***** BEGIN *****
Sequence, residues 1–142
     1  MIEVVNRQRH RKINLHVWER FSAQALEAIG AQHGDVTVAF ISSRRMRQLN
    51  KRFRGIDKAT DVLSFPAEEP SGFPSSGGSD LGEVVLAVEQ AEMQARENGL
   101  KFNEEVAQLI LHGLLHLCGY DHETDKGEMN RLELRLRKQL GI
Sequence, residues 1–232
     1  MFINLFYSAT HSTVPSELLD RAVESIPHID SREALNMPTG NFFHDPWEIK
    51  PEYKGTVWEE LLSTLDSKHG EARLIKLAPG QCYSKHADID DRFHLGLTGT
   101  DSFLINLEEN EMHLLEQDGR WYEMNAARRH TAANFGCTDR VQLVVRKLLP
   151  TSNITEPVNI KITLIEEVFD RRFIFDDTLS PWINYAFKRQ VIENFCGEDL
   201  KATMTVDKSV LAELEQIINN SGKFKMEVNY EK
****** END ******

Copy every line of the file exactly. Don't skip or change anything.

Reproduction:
Sequence, residues 1–142
     1  MIEVVNRQRH RKINLHVWER FSAQALEAIG AQHGDVTVAF ISSRRMRQLN
    51  KRFRGIDKAT DVLSFPAEEP SGFPSSGGSD LGEVVLAVEQ AEMQARENGL
   101  KFNEEVAQLI LHGLLHLCGY DHETDKGEMN RLELRLRKQL GI
Sequence, residues 1–232
     1  MFINLFYSAT HSTVPSELLD RAVESIPHID SREALNMPTG NFFHDPWEIK
    51  PEYKGTVWEE LLSTLDSKHG EARLIKLAPG QCYSKHADID DRFHLGLTGT
   101  DSFLINLEEN EMHLLEQDGR WYEMNAARRH TAANFGCTDR VQLVVRKLLP
   151  TSNITEPVNI KITLIEEVFD RRFIFDDTLS PWINYAFKRQ VIENFCGEDL
   201  KATMTVDKSV LAELEQIINN SGKFKMEVNY EK